Butter vs margarine: A tale of two fats
3 November 2017 2 Min Read
Customers keen on eating natural foods would be hard-pressed to find one as pure as butter.
Margarine manufacturers have long tried to recreate the incomparable taste of butter, but haven’t been successful.
Butter’s flavour is near-impossible to imitate because its complex combination of flavour compounds occur naturally.
Some of those compounds are only released when heated, giving cooking and baking the buttery flavour consumers know and love.
Because butter melts at a normal body temperature, it also delivers an excellent round mouthfeel and flavour. Margarine doesn’t melt at that same temperature, which is why it leaves a lingering, greasy after-taste.
It’s now accepted that saturated fats have a more neutral effect on cholesterol, as opposed to trans fats, which increase ‘bad’ and reduce ‘good’ cholesterol.2 This solidifies the renewed belief that butter has its place in a balanced diet
These differences between butter and margarine come down to the processes in which each are made.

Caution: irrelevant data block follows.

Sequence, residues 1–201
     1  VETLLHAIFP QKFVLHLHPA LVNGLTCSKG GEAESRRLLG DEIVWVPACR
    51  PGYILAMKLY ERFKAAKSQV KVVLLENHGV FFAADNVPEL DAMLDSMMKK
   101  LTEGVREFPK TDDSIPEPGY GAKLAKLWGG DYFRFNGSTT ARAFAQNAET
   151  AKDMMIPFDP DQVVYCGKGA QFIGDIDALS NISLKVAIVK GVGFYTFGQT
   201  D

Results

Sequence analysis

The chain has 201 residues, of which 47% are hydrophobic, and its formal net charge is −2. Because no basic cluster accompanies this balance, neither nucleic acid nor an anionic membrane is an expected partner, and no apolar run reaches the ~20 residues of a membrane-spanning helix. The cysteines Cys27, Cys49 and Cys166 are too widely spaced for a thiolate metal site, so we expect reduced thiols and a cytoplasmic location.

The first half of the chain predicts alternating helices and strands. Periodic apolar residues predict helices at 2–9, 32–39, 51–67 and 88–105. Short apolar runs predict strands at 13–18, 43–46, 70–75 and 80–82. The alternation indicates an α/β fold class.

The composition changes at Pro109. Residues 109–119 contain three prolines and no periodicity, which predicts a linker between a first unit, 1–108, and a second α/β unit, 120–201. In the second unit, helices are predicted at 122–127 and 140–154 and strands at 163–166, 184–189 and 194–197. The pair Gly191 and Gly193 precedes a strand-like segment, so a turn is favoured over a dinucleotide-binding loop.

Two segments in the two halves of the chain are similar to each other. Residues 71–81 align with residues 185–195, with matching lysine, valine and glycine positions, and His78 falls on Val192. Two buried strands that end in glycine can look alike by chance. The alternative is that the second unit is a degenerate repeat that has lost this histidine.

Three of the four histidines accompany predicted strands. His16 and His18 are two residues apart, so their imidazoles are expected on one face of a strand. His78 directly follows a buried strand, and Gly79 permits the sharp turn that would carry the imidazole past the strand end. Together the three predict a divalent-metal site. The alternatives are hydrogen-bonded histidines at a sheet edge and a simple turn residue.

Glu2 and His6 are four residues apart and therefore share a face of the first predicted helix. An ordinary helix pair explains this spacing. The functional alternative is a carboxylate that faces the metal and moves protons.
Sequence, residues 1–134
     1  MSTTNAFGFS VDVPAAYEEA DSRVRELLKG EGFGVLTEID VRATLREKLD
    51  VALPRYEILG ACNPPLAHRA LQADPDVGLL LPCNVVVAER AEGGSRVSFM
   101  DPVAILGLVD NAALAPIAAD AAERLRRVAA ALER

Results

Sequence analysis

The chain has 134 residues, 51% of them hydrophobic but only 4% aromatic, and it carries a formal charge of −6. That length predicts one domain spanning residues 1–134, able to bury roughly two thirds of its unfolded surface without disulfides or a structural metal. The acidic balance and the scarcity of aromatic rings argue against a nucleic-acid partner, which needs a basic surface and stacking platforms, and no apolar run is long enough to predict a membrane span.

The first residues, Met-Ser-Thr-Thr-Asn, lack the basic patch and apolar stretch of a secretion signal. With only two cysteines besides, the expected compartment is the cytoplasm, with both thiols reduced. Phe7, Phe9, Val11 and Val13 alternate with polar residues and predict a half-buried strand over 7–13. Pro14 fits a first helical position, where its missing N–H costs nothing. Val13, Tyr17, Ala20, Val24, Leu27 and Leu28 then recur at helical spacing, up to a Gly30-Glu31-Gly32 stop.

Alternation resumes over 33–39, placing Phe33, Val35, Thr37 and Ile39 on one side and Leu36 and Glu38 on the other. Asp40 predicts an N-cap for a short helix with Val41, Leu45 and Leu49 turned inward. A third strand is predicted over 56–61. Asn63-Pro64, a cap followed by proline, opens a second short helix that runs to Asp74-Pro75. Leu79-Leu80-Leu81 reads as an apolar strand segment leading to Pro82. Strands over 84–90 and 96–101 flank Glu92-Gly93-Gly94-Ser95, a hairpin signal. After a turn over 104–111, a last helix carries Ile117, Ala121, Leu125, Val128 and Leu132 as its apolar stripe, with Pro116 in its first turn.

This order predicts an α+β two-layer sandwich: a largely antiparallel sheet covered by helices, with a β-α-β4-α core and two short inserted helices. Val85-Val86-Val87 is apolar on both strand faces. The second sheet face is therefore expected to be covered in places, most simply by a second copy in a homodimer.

Butter is made from cream derived from milk – and nothing else. And with the aid of modern machines, the traditional butter-making process has become faster with a more consistent production.
Margarine is made from vegetable oil that has gone through a hydrogenation process, resulting in the presence of unhealthy trans fats. It also has to be artificially coloured and flavoured.
1. Mozzaffarian, D., Katan, MB., Ascherio, A., Stampfer, MJ., & Willett WC. Trans fatty acids and cardiovascular disease. N Engl J Med. 13 Apr 2006; 354(15):1601–13.
2. Inside FMCG. The tables have churned. 20 May 2015. https://insidefmcg.com.au
3. Nielson Research, May 2014. Cited by: Gee, K. Butter makes comeback as margarine loses favor. The Wall Street Journal, 25 June 2014.
4. Kadence International Research